New USDOT report on highway and transit reveals need for US$926bn investment


The US Transportation Secretary Anthony Foxx has announced that a new report on the state of the USA’s transportation infrastructure confirms that more investment is needed, not only to maintain the nation’s highway and transit systems, but to overcome a nearly trillion-dollar investment backlog.

The study, 2015 Status of the Nation’s Highways, Bridges and Transit: Conditions and Performance, is a biennial report to Congress that provides information on the physical and operating characteristics of the highway, bridge and transit components of the USA’s surface transportation system. Commonly known as the ‘Conditions and Performance’ report, it identifies an US$836bn backlog of unmet capital investment needs for highways and bridges, or about 3.4% more than the estimate made in the previous report. Addressing the growing backlog, while still meeting other needs as they arise over the next two decades, will require US$142.5bn in combined transportation spending from state, federal and local governments.

In 2012, the most recent year in which the report’s data was available, federal, state and local governments combined spent US$105.2bn on this infrastructure; 35.5% less than what is needed to improve highways and bridges. The report also indicates that US$26.4bn is needed per year to improve the condition of transit rail and bus systems. In 2012, total spending to preserve and expand transit systems was US$17bn. If transit investment is sustained at those levels, overall transit system conditions are expected to decline over the next 20 years, and increasing the transit system preservation backlog from an estimated US$89.8bn to US$122bn.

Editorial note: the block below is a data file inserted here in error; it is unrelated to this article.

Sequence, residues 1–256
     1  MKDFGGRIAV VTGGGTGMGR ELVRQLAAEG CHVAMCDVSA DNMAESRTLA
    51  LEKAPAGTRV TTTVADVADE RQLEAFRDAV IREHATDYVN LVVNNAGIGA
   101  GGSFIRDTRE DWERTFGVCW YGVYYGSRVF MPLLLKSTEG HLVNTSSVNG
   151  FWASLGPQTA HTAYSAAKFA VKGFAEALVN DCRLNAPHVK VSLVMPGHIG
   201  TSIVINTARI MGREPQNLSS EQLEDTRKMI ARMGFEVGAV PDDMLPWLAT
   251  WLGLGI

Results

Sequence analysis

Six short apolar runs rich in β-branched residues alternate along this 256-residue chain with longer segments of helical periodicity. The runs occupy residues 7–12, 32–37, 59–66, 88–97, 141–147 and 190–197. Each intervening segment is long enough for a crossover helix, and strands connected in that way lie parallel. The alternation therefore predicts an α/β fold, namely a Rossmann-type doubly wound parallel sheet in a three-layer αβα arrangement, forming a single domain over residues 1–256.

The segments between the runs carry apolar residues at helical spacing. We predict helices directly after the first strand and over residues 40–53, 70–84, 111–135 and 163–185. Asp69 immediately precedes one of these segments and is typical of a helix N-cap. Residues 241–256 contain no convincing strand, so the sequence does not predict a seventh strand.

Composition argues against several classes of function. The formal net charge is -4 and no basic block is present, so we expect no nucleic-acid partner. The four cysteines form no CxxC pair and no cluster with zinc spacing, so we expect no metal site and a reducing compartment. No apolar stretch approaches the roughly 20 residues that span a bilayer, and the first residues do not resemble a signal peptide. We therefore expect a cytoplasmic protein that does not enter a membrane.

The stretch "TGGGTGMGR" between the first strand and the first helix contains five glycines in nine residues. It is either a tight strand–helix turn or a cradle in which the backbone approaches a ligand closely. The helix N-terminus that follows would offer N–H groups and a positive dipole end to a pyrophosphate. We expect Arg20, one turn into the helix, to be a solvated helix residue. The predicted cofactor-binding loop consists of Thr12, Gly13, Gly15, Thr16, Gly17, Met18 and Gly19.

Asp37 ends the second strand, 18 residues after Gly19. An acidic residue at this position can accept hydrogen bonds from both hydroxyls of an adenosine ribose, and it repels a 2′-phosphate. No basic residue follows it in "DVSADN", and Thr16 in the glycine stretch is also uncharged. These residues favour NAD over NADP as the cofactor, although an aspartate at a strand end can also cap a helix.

“We have an infrastructure system that is fundamental to the nation’s economic health, and it needs greater attention and resources,” said Foxx. “Improving our nation’s roads, bridges, and transit helps create jobs, connects communities and ensures that our nation is equipped for the future.” Foxx added that the Congressionally-mandated report confirms the projections outlined in Beyond Traffic, a US Department of Transportation study issued in early 2015 that examined the challenges facing the country’s transportation infrastructure over the next 30 years, such as a rapidly growing population and increasing freight traffic.

Federal Highway Administrator Gregory Nadeau noted, “The case for more investment in our nation’s transportation system is clear. A strong transportation system will make businesses more productive and freight shippers safer and more efficient, while improving America’s quality of life.”

Acting Federal Transit Administrator Carolyn Flowers commented, “This report shows the impact of the lack of investment in infrastructure. The results of that neglect can be seen throughout our country as both reliability and safety suffer. We must increase investment in public transportation nationwide, because we must take immediate action to bring our transit infrastructure into a state of good repair, and provide the world-class service that Americans deserve.”

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Tom has edited Traffic Technology International (TTi) magazine and its Traffic Technology Today website since May 2014. During his time at the title, he has interviewed some of the top transportation chiefs at public agencies around the world as well as CEOs of leading multinationals and ground-breaking start-ups. Tom's earlier career saw him working on some the UK's leading consumer magazine titles. He has a law degree from the London School of Economics (LSE).